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A US veteran died at a nursing home, abandoned. Hundreds of strangers came to say goodbye

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AUGUSTA, Maine (AP) — Former U.S. Marine Gerry Brooks died alone at a nursing home in Maine, abandoned and all but forgotten. Then the funeral home posted a notice asking if anyone would serve as a pallbearer or simply attend his burial.

Within minutes, it was turning away volunteers to carry his casket.

A bagpiper came forward to play at the service. A pilot offered to perform a flyover. Military groups across the state pledged a proper sendoff.

Hundreds of people who knew nothing about the 86-year-old beyond his name showed up on a sweltering afternoon and gave Brooks a final salute with full military honors Thursday at the Maine Veterans’ Memorial Cemetery in Augusta.

Patriot Guard Riders on motorcycles escorted his hearse on the 40-mile route from the funeral home in Belfast, Maine, to the cemetery. Members of the Veterans of Foreign Wars paid tribute with a 21-gun salute. Volunteers held American flags next to the casket while a crane hoisted a huge flag above the cemetery entrance.

Some saluted while filing by. Others sang The Marines’ Hymn.

“It’s an honor for us to be able to do this,” said Jim Roberts, commander of the VFW post in Belfast. “There’s so much negativity in the world. This is something people can feel good about and rally around. It’s just absolutely wonderful.” He said Brooks’ son, granddaughter and son-in-law came to the funeral but did not speak during the service.

Roberts said the VFW is called a couple times a year about a deceased veteran with no family or with one that isn’t willing to handle the funeral arrangements. But “we will always be there.” Like other veterans helping out Thursday, he hadn’t known Brooks.

So many groups volunteered to take part in paying tribute that there wasn’t enough space to fit them into the 20-minute burial service, said Katie Riposta, the funeral director who put out the call for help last week.

“It renews your faith in humanity,” she said.

More than 8 million of the U.S. veterans living are 65 or older, almost half the veteran population. They are overwhelmingly men. That’s according to a U.S. Census Bureau report last year. As this generation dies, it said, their collective memory of wartime experiences “will pass into history.”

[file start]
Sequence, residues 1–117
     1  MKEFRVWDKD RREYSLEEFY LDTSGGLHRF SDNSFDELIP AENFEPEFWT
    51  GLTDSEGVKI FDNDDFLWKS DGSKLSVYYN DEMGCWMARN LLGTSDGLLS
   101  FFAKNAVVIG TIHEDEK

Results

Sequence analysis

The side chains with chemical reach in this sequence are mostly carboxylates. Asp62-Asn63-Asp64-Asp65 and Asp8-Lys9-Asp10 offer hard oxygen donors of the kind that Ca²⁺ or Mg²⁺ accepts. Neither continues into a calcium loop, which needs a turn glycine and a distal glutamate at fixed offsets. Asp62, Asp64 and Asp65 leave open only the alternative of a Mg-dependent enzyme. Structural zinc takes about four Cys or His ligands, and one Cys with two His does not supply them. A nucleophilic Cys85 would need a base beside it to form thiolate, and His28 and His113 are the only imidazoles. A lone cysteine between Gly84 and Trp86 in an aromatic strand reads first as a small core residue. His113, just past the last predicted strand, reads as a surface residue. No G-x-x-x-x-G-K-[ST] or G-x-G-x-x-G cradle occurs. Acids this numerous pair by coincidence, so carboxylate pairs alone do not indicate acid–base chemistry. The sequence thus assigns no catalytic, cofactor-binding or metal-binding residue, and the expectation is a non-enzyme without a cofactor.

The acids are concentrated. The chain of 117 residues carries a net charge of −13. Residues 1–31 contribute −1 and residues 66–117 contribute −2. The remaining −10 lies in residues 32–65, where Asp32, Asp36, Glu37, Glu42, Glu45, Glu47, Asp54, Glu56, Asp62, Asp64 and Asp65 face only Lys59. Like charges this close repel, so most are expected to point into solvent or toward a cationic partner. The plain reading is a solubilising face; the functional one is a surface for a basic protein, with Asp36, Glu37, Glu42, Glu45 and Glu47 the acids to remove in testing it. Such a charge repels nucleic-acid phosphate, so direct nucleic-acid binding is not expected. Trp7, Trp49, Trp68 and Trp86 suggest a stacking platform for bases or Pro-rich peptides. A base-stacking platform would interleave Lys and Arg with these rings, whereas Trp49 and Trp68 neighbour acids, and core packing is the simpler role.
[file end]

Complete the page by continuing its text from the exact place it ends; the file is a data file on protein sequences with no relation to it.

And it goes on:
Much about Brooks’ life is unknown.

He was widowed and lived in Augusta. He died on May 18, less than a week after entering a nursing home, Riposta said. A cause of death was not released.

The funeral home and authorities reached his next of kin, but no one was willing to come forward or take responsibility for his body, she said.

“It sounds like he was a good person, but I know nothing about his life,” Riposta said, noting that after Brooks’ death, a woman contacted the funeral home to say he had once taken her in when she had no other place to go, with no details.

“It doesn’t matter if he served one day or made the military his career,” she said. “He still deserves to be respected and not alone.”

The crowd on Thursday wasn’t all strangers — and it turned out Brooks hadn’t been one, either.

Victoria Abbott, executive director of the Bread of Life shelter in Augusta, said he had come every day to eat at their soup kitchen, always ready to crack “dad jokes” and make the staff smile. He had a favorite table.

“Your quintessential 80-year-old, dad jokes every day,” Abbott said. “He was really great to have around. He was part of the soup kitchen family.”

But most people there Thursday met him too late. The memorial book posted online by Direct Cremation of Maine, which helped to arrange the burial, had a few strangers’ good wishes.

“Sir,” one began, and ended with “Semper Fi.”

The two others, a couple, thanked Brooks for his service. “We all deserve the love kindness and respect when we are called home. I hope that you lived a full beautiful life of Love, Kindness, Dreams and Hope,” they wrote.

They added: “Thank you to all those who will make this gentleman’s service a proper, well deserved good bye.”

Linda Laweryson, who served in the Marines, said this was the second funeral in little over a year that she has attended for a veteran who died alone. Everyone deserves to die with dignity and be buried with dignity, she said.

Laweryson read a poem during the graveside service written by a combat Marine who reflects on the spot where Marines graduate from boot camp.

“I walked the old parade ground, but I was not alone,” the poem reads. “I walked the old parade ground and knew that I was home.”

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Seewer reported from Toledo, Ohio.

By PATRICK WHITTLE and JOHN SEEWER
Associated Press

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